5:00 - Kitty and I start trying on outfits to choose what she wants for the photos and find (my) jewelry that matches.  I paint her nails.
7:00 - I put makeup on Kitty (and Bob) and do their hair.  The photographer is a cousin so it was fairly casual. I tried to joke about the fact that every single time the photographer stepped away from the camera, Kitty's smile dropped like a switch, and every time the photographer looked away, Kitty was giving me a death glare, but it hurt. I finally told the photographer I wanted her to try to catch a picture of the death glare, but Kitty never slipped up and got caught.
Bob realized that both she and Kitty had chosen lace dresses with a denim jacket as one of their outfits.  She suggested that they do a shot together, for me.  While I was helping Kitty change for her last outdoor shot, I mentioned Bob's suggestion.  She accused me of it being my idea, even questioned Bob about whose idea it was.  She did do the pictures though.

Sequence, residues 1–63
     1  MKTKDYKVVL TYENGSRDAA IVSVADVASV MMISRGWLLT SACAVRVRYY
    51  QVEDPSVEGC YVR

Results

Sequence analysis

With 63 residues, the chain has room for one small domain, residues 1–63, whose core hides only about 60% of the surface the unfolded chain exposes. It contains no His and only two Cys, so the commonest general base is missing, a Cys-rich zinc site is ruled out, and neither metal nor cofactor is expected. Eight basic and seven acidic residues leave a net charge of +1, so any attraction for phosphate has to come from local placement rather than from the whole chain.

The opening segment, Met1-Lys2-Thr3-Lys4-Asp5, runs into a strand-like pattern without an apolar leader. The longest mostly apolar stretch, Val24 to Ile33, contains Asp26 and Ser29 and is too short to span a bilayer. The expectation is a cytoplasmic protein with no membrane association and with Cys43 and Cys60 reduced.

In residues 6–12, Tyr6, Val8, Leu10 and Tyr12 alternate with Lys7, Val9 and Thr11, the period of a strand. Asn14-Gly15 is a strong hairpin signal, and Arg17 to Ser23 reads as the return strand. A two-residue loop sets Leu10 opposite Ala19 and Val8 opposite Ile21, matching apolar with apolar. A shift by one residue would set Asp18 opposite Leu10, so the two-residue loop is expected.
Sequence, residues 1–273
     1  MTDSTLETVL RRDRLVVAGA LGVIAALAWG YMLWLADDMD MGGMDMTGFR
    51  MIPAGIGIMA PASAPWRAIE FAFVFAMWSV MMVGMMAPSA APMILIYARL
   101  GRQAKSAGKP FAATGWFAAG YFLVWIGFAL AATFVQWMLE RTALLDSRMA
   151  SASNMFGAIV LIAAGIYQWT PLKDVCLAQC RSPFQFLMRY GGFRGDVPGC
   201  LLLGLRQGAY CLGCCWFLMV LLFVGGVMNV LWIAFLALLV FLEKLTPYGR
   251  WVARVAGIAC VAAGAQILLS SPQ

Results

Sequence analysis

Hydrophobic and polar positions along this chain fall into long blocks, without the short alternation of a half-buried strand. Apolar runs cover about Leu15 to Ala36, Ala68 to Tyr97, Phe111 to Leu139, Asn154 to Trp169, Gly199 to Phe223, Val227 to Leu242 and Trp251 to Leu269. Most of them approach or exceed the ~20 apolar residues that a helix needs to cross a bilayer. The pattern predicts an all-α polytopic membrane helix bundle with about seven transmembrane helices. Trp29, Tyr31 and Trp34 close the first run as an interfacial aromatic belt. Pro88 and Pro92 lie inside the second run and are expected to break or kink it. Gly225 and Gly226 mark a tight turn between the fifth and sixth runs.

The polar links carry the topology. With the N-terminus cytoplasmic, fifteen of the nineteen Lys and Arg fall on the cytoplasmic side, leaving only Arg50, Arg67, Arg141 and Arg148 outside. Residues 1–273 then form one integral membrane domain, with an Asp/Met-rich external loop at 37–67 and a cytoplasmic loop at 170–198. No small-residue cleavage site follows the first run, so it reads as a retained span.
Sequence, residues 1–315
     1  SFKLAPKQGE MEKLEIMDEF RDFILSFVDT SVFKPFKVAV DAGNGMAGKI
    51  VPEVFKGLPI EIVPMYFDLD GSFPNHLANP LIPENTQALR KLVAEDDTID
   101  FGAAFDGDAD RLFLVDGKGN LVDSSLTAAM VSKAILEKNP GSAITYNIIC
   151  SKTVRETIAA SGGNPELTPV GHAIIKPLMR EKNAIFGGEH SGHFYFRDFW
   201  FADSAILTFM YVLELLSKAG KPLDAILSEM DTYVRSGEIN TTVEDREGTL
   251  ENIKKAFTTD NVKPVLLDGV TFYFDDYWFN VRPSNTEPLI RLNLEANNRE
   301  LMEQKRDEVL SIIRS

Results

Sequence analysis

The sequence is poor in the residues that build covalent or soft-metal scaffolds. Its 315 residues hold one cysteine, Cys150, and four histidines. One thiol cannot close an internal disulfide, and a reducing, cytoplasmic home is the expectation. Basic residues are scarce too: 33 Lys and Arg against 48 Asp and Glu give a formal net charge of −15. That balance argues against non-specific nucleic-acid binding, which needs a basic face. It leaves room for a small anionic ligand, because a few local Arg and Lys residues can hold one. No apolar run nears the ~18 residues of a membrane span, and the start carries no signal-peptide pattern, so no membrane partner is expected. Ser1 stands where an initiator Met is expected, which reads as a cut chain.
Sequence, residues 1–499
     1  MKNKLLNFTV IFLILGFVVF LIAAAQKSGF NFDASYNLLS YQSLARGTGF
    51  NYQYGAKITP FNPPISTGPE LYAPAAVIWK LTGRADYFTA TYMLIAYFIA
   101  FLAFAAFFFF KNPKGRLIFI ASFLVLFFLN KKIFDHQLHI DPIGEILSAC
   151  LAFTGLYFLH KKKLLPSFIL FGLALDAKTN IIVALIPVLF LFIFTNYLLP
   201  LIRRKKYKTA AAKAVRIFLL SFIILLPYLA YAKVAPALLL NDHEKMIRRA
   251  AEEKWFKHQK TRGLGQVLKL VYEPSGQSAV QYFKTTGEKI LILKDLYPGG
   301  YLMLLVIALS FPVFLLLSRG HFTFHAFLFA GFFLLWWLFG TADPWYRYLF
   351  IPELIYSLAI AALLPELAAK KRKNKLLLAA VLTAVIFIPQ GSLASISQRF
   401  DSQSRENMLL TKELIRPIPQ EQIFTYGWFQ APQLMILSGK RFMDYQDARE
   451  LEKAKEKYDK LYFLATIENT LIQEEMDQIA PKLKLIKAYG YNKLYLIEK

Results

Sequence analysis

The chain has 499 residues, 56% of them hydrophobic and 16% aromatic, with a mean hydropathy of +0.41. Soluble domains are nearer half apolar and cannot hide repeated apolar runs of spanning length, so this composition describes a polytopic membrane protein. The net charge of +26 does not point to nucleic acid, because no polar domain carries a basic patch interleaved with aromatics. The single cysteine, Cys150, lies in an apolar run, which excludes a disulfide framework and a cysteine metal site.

Attachment Challenge Day #12
11:30am Kitty slept late.  She ignored me most of the day.  Except to let me know that, oh by the way, she has a mandatory staff meeting that happens to be right in the middle of a designated sleep time next week.  I rearrange the schedule (for the billionth time), and she texts someone at work.  Then she realizes it's possible to attend the meeting on a different day after all.
4:30pm Kitty leaves for work.
9:00pm picked Kitty up from work.  She forgot to tell anyone that she couldn't work next weekend.  *sigh*
She does a couple of the chores she never got around to during the day, watches a little TV with everyone else, and then goes to her room.

I'm not sure there's even a point in calling it an Attachment Challenge anymore.  We're barely doing anything to foster attachment.  Maybe I can think of something we can do in the middle of the night when we're trying to stay awake.


Anonymous said...